Saturday 14 September 2013

Municipal Election Thoughts. Part 1

With the province wide municipal elections coming up in just over 2 weeks perhaps it's time to have a quick look at the general state of our municipal sector. Of course this time around I'm also a candidate for my town of Logy Bay-Middle Cove-Outer Cove, and you can check out my campaign website at  If you want a detailed look at the sector, have a look back at a 4 part series I wrote in 2011 starting with Part 1. Over the next couple of weeks I'll provide my current thoughts on the sector and highlight the areas we really need to work on. In this first instalment I'll cover municipal financing and citizen engagement.

Cash Flow
Those involved in the sector are well aware of the financial realities of running a town on very limited resources and increasing responsibilities. It's a sign of the health of the sector that most towns would have to close their doors if they stopped receiving the Municipal Operating Grants from the Province. Then there's the infrastructure that they have even less control over. Each year municipalities put forward applications for desperately needed infrastructure development and maintenance in hopes that they might get chosen from the random and largely politicised infrastructure lottery.

So we have a level of government with seriously insufficient funding and secretive, sketchy and politicised access to infrastructure funding. How do we fix it? Well, the Province has promised a proper fiscal framework review for many years, and there is one ongoing right now but the outcome is likely to simply be a rejig of the MOG formula. Municipalities need proper enabling legislation, more diverse revenue generation tools and a multi-year public and prioritised infrastructure plan from the Province so that they can plan appropriately without having to cross their fingers and hope that their project will get approved.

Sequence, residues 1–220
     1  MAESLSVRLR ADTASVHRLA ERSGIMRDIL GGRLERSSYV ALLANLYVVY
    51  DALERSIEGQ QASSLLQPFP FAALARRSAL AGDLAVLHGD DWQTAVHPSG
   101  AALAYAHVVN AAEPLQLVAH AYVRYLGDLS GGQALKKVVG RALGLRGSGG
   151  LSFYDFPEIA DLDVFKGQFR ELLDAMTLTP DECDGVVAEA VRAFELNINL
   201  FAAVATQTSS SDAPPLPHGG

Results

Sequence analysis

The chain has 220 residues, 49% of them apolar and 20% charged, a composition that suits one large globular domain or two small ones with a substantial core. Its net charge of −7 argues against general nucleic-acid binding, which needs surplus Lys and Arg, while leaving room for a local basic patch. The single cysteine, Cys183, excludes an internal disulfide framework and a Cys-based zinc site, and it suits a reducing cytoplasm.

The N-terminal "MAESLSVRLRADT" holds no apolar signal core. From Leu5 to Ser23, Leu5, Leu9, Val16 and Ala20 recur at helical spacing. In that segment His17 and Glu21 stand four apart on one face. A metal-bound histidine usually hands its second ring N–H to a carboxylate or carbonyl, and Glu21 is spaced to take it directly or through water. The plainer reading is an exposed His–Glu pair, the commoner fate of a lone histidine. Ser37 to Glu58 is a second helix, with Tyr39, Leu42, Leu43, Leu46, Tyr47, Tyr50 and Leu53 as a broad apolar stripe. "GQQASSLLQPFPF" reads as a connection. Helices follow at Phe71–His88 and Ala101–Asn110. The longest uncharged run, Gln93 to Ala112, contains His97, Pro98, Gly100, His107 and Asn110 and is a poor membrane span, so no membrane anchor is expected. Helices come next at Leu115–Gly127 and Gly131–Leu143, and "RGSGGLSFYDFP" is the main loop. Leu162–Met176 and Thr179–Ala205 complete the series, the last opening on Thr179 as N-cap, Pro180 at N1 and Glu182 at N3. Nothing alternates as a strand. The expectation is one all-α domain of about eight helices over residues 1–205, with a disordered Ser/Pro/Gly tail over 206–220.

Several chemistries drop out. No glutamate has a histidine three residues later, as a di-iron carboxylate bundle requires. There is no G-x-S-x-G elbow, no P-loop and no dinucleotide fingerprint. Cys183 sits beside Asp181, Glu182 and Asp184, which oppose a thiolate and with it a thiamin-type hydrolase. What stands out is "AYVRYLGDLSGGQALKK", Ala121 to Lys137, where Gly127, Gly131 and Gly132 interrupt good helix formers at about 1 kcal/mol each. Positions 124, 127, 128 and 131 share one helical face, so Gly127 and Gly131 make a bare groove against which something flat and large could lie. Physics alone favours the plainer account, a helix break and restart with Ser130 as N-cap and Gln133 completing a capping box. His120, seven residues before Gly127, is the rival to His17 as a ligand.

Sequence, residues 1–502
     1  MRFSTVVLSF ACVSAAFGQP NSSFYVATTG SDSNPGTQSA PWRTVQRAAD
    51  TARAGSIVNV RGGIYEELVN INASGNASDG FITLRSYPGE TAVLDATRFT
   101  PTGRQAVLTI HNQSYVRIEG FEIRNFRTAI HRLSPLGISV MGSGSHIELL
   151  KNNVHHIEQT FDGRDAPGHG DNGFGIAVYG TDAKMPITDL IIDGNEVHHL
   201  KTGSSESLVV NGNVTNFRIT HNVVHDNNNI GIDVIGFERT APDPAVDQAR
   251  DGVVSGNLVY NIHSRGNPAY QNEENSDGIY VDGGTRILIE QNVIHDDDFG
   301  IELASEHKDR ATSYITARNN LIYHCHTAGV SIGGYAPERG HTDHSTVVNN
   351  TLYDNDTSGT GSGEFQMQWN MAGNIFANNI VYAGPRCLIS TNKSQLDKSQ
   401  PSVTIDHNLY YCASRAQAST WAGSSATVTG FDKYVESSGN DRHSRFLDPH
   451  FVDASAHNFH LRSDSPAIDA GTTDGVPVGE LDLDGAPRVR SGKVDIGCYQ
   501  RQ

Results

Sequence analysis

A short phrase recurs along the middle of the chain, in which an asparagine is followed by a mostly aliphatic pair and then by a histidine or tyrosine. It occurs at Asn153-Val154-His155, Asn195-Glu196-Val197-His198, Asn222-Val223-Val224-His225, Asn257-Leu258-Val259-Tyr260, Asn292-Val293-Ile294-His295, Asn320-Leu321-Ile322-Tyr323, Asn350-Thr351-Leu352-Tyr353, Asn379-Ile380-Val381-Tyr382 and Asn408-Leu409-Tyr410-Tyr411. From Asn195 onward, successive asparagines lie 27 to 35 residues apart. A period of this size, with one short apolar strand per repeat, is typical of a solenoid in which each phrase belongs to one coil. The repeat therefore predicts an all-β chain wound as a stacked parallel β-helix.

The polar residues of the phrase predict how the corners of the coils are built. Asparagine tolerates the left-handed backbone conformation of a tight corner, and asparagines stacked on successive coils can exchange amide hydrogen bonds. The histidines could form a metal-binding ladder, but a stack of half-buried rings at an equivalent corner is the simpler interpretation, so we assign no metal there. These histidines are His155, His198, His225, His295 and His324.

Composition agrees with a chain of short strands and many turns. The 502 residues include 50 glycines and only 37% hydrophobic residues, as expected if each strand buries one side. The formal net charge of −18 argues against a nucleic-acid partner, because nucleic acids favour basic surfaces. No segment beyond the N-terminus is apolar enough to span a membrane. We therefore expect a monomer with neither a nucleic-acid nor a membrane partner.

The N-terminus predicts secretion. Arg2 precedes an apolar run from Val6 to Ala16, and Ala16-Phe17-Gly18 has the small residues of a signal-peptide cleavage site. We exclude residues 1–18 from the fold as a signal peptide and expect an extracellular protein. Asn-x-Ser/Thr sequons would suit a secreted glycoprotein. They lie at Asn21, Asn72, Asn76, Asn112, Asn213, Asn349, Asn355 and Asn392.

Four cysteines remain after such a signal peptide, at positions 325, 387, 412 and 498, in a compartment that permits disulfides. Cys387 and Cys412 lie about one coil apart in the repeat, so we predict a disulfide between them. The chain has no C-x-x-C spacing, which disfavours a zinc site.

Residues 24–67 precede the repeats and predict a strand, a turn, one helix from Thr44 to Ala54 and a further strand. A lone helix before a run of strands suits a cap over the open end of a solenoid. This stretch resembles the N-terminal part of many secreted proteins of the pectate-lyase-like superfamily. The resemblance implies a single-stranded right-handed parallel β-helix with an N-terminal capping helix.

Citizen Engagement
This topic is a tough one because some towns do their utmost to engage residents, while others treat residents as an unfortunate side effect of having a council. Most towns are in the middle somewhere. This problem stems from the fact that neither the Province nor many councils or councillors understand what municipalities are for, nor what they are capable of. Because of this many towns don't try to engage residents because they wouldn't know what to do with them even if they were engaged in the process.

The most recent unfortunate example of this I've seen is with my own town of Logy Bay-Middle Cove-Outer Cove where I expressed concern to the council that our residents might not get the opportunity to meet all the candidates. I suggested a simple meet and greet for all candidates to make sure no resident could say they weren't given the opportunity to know who they were voting for. Unfortunately the response from the Town was that the majority of the current council had no interest in holding such an event. This is a problem.

While Municipalities Newfoundland and Labrador and the Professional Municipal Administrators association are always holding training sessions that often emphasise the importance of resident engagement many councils still don't quite get it. It is the backbone of our democratic system, and engaging citizens once every 4 years is just not good enough.

Tuesday 10 September 2013

Up and Running

September the 24th will be here before we know it. And that's a big deal because it's municipal election day in Newfoundland and Labrador. So wherever you live be sure and get out and vote!

If you happen to live in, or know someone who lives in the great town of Logy Bay-Middle Cove Outer Cove then you may know that I'm running for that council, and you should check out my campaign website at

My campaign is simple and based on my years of experience in the municipal sector, and in areas of community development and strategic planning.

Unfortunately I've just today received some disheartening news regarding the election in my Town. All candidates have been invited to an event in the City if St. John's hosted by the Board of Trade. A meet and greet, of sorts, that was open to all candidates from surrounding municipalities. It's a great idea and I appreciate the invitation, but I'm not sure many residents of LB-MC-OC will attend.

As such I made a request to my town to host a similar, simple "meet and greet" style event. My response came today from the town office:
"Just ran this by council last night. Unfortunately, no one was in favor of hosting an event at this time."
We only get to choose a council once every 4 years, and I find it unfortunate that this council doesn't appear interested in providing one event where residents can come together to meet the people who want to make important decisions on their behalf.

In the beginning I wanted to volunteer my experience to help make good decisions for our town. Now it seems, I will also be running to ensure that people have every opportunity to become involved and engaged in the municipal process.